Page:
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Crowdfunding Round-up: Ancient Games with Modern Funding

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• For star power in a crowdfunded game this week, let's start with Tak, an abstract strategy game that novelist Patrick Rothfuss introduced as an ancient design in the book The Wise Man's Fear and which James Ernest of Cheapass Games has now transformed into an actual "ancient" game — that is, a game that feels like it could have been around forever given that you use three simple types of pieces on a board that measures anywhere from 3x3 to 8x8 with the goal of creating a path that connects opposite edges of the board. I'm reminded of Daniel Solis' Thousand-Year Game Design Challenge from 2011 and suitably impressed that such things can still be created. (KS link)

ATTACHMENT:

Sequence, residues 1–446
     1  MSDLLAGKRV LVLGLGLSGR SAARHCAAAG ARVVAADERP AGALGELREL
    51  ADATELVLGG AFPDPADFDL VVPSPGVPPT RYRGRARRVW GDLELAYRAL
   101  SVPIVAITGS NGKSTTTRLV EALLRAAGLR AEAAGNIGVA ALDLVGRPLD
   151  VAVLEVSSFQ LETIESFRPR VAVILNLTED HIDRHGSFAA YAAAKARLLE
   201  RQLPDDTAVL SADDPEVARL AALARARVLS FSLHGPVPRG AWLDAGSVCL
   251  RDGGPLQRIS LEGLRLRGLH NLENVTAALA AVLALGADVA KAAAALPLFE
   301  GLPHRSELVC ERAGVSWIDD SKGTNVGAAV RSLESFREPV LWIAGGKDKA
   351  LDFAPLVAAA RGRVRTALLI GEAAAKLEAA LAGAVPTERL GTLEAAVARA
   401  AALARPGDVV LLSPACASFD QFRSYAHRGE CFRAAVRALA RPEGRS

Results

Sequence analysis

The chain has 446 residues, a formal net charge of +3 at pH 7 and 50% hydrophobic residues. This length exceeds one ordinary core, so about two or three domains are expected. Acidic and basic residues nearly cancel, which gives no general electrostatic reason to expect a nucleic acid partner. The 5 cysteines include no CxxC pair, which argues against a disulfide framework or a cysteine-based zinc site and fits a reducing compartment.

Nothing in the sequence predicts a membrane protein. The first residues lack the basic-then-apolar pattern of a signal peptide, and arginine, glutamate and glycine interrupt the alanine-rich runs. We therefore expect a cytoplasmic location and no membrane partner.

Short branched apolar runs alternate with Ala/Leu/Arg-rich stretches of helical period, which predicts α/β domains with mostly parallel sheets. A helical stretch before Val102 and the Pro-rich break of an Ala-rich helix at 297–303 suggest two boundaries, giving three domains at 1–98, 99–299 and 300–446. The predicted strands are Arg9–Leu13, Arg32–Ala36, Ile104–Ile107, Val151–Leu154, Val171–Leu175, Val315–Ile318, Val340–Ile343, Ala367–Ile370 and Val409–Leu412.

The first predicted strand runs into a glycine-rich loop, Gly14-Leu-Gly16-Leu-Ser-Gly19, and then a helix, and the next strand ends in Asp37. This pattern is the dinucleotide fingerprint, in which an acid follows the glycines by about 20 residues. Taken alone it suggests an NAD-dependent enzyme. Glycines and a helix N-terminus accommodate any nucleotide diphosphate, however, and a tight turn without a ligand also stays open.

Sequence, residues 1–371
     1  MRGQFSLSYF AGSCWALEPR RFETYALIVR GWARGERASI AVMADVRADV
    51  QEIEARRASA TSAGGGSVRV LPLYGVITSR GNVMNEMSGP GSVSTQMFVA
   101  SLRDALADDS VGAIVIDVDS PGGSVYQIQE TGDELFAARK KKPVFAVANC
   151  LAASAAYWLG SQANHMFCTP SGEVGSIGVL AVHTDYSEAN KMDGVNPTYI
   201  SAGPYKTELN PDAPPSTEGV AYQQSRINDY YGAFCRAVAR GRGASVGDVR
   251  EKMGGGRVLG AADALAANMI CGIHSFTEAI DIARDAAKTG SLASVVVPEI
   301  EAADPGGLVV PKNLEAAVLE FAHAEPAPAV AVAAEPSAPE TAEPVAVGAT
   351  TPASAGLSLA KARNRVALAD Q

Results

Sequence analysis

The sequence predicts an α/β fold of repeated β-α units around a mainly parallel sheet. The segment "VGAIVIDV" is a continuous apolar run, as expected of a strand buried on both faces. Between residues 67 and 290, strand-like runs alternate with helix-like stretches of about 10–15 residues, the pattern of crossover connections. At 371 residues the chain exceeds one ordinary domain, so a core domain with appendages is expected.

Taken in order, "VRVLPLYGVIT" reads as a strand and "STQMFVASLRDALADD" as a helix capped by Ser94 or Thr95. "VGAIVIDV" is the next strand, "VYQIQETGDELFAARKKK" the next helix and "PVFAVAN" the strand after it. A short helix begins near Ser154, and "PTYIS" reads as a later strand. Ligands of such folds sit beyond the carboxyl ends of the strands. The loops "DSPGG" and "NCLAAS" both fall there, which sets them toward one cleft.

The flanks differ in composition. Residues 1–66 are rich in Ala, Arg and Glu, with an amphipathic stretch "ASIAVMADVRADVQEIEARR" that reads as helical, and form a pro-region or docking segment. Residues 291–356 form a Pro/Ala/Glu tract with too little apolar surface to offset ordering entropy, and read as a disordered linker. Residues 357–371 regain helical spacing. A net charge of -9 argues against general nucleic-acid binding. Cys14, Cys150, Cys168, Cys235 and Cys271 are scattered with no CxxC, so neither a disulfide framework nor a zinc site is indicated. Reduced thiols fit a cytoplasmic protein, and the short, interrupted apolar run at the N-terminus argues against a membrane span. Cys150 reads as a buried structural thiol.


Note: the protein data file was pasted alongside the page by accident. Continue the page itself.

• I suppose an argument could have been made for placing Steamforged Games' Dark Souls: The Board Game in the top spot given that it is a miniatures game based on the extremely popular Dark Souls videogame series that has collected nearly $2 million in funding within a couple of days, but we don't have a flat front cover image of the game in the database, so no can do. I hope that blow to their crowdfunding efforts won't be too harsh. Also, I keep thinking the name is Dead Souls and am curious to see how they've adapted the Nikolai Gogol novel. That college education is only getting in my way at this point... (KS link)

• Another game that actually is novel-based and blowing up on KS is The Dresden Files Cooperative Card Game from Eric B. Vogel and Evil Hat Productions. We met with Vogel at the GAMA Trade Show in March 2016 and recorded this overview of what the game is like, what you might expect from the design in the future, and how many times Vogel read the books to pull out everything that he wanted from them. (KS link)